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The water surface level of the Dead Sea is the lowest natural land or water surface on Earth at more than 400 meters below sea level. That level continues to lower as water from Dead Sea tributaries is diverted for irrigation. In the southern part of the sea, the salt and potash industries use water from the sea in evaporation ponds. Water is not quickly replenished in this closed basin, so the level continues to drop.

The sea is made up of a northern basin and a southern basin. Both basins were once connected by a strait (see the 1973 image), but the strait is now dry.

(Black stripes run through some of the Landsat 7 images because its Scan Line Corrector failed in May 2003.)

Imagery

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Jan. 1, 1973, Landsat 1 (path/row 187/38) — Dead Sea
Aug. 30, 1990, Landsat 4 (path/row 174/38) — Dead Sea
Feb. 15, 2000, Landsat 7 (path/row 174/38) — Dead Sea
Oct. 28, 2000, Landsat 7 (path/row 174/38) — Dead Sea
Nov. 11, 2005, Landsat 7 (path/row 174/38) — Dead Sea
June 18, 2013, Landsat 8 (path/row 174/38) — Dead Sea
June 13, 2017, Landsat 8 (path/row 174/38) — Dead Sea
June 5, 2020, Landsat 8 (path/row 174/38) — Dead Sea
June 11, 2022, Landsat 8 (path/row 174/38) — Dead Sea
June 14, 2023, Landsat 8 (path/row 174/38) — Dead Sea

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References

AL-Khlaifat, A.L., 2008, Dead Sea rate of evaporation: American Journal of Applied Sciences, v. 5, no. 8, p. 934–942.

Bashitialshaaer, R.A.I., Persson, K.M., and Aljaradin, M., 2011, The Dead Sea future elevation based on water and salt mass balances: International Journal of Sustainable Water and Environmental Systems, v. 2, no. 2, p. 67–76.

Closson, D., 2005, Structural control of sinkholes and subsidence hazards along the Jordanian Dead Sea coast: Environmental Geology, v. 47, no. 2, p. 290–301.

Closson, D., and Abou Karaki, N., 2009, Human-induced geological hazards along the Dead Sea coast: Environmental Geology, v. 58, no. 2, p. 371–380.

Closson, D., Karaki, N.A., Hansen, H., Derauw, D., Barbier, C., and Ozer, A., 2003, Space-borne radar interferometric mapping of precursory deformations of a dyke collapse, Dead Sea area, Jordan: International Journal of Remote Sensing, v. 24, no. 4, p. 843–849.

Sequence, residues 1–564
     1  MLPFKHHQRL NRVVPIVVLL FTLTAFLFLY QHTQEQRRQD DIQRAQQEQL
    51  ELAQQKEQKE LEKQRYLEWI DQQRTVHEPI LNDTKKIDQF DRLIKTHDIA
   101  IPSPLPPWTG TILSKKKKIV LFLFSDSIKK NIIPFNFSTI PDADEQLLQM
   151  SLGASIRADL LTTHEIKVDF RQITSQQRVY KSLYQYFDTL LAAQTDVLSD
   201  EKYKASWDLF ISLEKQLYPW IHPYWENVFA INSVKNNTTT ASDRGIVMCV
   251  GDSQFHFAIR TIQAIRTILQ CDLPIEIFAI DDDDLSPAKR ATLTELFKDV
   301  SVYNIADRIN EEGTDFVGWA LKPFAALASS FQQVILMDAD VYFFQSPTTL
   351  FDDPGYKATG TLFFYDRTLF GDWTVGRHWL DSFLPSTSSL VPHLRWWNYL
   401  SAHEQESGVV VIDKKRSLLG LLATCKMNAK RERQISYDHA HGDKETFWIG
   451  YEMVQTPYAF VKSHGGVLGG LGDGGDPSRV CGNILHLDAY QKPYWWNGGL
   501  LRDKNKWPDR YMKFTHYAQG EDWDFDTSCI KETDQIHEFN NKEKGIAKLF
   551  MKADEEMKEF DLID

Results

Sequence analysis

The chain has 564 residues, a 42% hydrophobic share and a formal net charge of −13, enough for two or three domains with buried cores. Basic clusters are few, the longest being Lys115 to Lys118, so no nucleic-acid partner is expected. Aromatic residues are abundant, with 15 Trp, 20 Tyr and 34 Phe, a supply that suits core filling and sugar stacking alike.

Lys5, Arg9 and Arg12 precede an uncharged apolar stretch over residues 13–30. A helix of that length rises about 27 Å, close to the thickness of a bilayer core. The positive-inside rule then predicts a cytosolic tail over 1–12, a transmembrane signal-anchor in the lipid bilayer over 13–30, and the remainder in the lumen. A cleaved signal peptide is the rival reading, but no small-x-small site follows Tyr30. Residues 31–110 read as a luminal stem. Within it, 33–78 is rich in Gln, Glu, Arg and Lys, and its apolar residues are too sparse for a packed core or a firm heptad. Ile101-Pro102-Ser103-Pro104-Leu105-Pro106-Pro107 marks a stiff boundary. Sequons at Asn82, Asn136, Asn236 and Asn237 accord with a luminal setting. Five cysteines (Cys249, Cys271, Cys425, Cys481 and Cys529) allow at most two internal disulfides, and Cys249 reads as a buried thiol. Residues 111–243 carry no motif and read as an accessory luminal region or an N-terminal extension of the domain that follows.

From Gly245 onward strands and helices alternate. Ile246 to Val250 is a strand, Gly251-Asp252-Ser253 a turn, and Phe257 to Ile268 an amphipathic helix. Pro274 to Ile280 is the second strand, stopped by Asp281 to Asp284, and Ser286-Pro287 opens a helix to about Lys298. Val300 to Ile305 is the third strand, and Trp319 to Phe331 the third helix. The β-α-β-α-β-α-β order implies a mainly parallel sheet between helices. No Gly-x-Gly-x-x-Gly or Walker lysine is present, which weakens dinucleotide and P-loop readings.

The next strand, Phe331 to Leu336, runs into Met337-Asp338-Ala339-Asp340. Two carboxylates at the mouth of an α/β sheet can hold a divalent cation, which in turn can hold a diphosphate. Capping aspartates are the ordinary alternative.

Closson, D., LaMoreaux, P.E., Abou Karaki, N., and al-Fugha, H., 2007, Karst system developed in salt layers of the Lisan Peninsula, Dead Sea, Jordan: Environmental Geology, v. 52, no. 1, p. 155–172.

Glausiusz, J., 2010, Environmental Science—New life for the Dead Sea? Nature, v. 464, p. 1118–1120.

Gorodeisky, S., 2018, Dead Sea level falling 1.2 meters per year: Globes, accessed June 30, 2020, at https://en.globes.co.il/en/article-dead-sea-level-falling-12-meters-per-year-1001223618.

NASA, 2012, The Dead Sea: NASA Earth Observatory, available at http://earthobservatory.nasa.gov/IOTD/view.php?id=77592. (Accessed April 8, 2013.)

Patel, K., 2019, Getting Saltier: NASA Earth Observatory, accessed June 30, 2020, at https://earthobservatory.nasa.gov/images/145373/getting-saltier.

UNEP, 2005, Water—Dead Sea, Jordan, in One planet, many people—atlas of our changing environment: Nairobi, Kenya, United Nations Environment Programme (UNEP), p. 130–131.

Vick, K., 2011, The Dead Sea—Deader than ever and getting more so: Time World, available online at http://www.time.com/time/world/article/0,8599,2084164,00.html. (Accessed April 8, 2013.)

Whitehead, P., Butterfield, D., Black, E., and Plinston, D., 2011, Modelling Dead Sea levels and rainfall—past, present and future, in Mithen, S., and Black, E., eds., Water, Life and Civilisation—Climate, Environment and Society in the Jordan Valley, New York, Cambridge University Press, p. 147–156.

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